How to stream downloaded files from your smartphone to your Chromecast

Google's tiny media streamer can be used to play downloaded files on a big screen

Use LocalCast to stream locally stored files to Chromecast.

Use LocalCast to stream locally stored files to Chromecast.

The Chromecast has just hit Australia, and plenty of people are excited about it. But one question we keep getting asked is whether the Chromecast can be used to stream videos that have been downloaded from the Internet. The short answer is ‘yes’. The long answer is ‘you need an app to do it’.

The way Chromecast works, your smartphone, tablet, and laptop, all act as remote controls of sorts to get content flowing through the Chromecast, which is plugged in to an HDMI port on a TV. While the Chromecast is designed specifically to very easily stream YouTube and other Google content on a big screen, it can also be used to stream regular, downloaded movies and TV shows. However, in order to do so, you need to have a third-party app installed that can act as a media server, and which supports Chromecast, of course.

One of the best apps we’ve found for the job so far is LocalCast. It’s available on Google Play and it’s ad supported, so you get a few ads showing up on your phone screen now and then while a video is playing. What’s good about it is that it can stream files that are stored directly on your phone, or even ones that are stored and shared in network locations. All you have to do is browse the location that you’re interested in and fire up the files you want to watch.

If you store all your media on a NAS device at home, then LocalCast can be used to browse all that content and stream it to your Chromecast. You can use DLNA if your NAS supports it, or just SMB, which we prefer as it allows you to easily browse folders to find specific content. To add your NAS device, you have to know its IP address, and you have to supply your login credentials if you have your folders password protected.

In this scenario, your smartphone or tablet becomes the ‘remote control’, since you are using it as the interface to browse and play files from the NAS to the Chromecast -- you can still use your phone for other things while files play in the background. We found the performance of the streams to be a mixed bag, but overall think it’s a good solution. For example, standard definition files streamed perfectly across our network. Full HD files also streamed well enough, but there was some stuttering at the start and also during random intervals in the playback.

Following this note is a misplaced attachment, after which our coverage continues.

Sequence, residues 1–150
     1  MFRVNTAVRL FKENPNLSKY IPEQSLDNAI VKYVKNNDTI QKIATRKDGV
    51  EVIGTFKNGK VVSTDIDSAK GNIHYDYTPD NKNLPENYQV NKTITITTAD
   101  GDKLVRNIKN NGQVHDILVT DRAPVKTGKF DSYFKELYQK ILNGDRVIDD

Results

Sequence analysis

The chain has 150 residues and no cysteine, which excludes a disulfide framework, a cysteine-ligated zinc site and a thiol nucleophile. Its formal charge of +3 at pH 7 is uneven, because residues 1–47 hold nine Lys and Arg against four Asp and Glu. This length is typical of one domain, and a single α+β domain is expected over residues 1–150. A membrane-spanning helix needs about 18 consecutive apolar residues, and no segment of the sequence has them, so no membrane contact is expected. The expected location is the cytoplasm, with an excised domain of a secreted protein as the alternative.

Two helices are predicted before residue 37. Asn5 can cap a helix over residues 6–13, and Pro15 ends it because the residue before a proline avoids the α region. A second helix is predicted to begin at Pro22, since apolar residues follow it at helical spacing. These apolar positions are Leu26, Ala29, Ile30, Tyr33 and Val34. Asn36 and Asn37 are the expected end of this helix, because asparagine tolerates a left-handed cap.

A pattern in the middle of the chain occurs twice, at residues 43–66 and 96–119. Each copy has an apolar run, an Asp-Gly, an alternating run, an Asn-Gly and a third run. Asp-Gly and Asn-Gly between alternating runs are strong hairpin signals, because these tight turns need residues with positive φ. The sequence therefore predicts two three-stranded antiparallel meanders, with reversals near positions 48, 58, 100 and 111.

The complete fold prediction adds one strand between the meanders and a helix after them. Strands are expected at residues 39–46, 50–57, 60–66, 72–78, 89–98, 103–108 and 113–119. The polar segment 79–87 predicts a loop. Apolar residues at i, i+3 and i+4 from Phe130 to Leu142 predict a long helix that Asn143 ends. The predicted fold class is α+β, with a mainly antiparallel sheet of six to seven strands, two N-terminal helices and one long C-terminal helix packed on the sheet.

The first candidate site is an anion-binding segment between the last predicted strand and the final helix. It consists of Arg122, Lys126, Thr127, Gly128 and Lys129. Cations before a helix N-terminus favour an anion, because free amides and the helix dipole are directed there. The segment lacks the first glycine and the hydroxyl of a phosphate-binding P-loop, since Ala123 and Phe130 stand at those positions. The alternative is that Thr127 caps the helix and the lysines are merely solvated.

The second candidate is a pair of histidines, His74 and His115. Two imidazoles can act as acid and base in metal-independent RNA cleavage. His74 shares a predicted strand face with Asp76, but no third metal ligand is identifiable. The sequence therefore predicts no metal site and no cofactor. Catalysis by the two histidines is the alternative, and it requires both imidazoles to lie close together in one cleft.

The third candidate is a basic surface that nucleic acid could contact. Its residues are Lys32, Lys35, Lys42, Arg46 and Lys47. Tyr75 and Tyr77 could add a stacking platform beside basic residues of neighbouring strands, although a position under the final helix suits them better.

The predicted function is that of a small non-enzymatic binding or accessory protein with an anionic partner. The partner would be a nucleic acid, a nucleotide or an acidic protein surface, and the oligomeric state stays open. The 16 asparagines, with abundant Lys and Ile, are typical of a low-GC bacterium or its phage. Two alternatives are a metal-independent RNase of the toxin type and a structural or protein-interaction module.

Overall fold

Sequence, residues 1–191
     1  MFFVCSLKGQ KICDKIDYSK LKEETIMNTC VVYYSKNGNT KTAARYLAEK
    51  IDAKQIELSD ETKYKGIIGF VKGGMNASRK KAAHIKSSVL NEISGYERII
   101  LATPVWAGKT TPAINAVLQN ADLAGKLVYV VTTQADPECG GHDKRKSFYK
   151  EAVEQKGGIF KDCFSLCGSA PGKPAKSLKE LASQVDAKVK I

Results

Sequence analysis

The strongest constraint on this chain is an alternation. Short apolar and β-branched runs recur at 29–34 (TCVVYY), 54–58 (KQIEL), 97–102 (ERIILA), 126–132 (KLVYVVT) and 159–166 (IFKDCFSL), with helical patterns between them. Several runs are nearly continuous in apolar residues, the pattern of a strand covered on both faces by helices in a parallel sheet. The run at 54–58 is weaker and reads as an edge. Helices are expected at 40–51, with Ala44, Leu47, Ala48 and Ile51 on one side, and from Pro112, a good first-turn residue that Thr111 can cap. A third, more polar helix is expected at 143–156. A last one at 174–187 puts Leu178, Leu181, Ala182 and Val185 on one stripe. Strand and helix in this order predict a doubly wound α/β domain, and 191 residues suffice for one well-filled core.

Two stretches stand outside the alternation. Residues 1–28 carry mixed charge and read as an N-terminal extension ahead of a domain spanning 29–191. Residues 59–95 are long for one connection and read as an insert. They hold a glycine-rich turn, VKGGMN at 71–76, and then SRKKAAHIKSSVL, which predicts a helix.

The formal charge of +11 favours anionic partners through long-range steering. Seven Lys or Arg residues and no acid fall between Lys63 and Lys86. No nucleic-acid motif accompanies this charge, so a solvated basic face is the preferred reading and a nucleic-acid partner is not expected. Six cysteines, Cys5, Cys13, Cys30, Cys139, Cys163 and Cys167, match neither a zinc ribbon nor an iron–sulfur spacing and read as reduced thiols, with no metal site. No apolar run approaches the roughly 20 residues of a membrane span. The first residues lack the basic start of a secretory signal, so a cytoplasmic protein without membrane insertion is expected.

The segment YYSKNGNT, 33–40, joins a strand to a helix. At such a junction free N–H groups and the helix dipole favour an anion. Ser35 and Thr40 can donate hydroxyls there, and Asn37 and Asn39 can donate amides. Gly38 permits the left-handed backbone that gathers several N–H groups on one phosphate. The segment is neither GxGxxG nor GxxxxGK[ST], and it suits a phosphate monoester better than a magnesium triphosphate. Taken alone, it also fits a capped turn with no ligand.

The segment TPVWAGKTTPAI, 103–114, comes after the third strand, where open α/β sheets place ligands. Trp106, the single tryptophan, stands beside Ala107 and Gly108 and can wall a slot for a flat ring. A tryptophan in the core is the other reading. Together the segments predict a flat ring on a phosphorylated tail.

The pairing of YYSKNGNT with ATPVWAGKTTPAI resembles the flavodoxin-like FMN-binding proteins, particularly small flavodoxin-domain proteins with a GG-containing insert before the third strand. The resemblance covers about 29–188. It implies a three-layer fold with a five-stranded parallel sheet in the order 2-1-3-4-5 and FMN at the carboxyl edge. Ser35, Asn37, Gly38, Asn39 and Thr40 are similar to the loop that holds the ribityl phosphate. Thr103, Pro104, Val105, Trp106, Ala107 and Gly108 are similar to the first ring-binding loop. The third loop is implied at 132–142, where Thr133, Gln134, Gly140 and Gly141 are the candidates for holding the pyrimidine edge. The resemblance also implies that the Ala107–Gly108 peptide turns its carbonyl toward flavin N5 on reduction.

We should note that not all files can be streamed through the Chromecast using LocalCast. In fact, it will only support files that are encoded using the H.264 codec, and which have either an MP4 or MKV file type extension. You won’t be able to play back other files types, such as AVI, through LocalCast. For those types of files, another way to play them is to use a media server such as Plex on your laptop, and then run those files to the Chromecast through the Chrome Web browser.

Your wireless network needs to be fast enough and stable enough to support streaming these types of files, otherwise you will experience poor playback. We used a Billion BiPAC 8800AXL for our tests. The NAS device was connected via Gigabit Ethernet, our phone was connected via the 5GHz wireless network, and the Chromecast was connected via the 2.4GHz network. The router was next to the Chromecast. If your router is too far away from your TV and Chromecast, then you might need to look into boosting the wireless signal by using a wireless extender.

If you use another app to stream files, leave a comment below to let us know.

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Elias Plastiras
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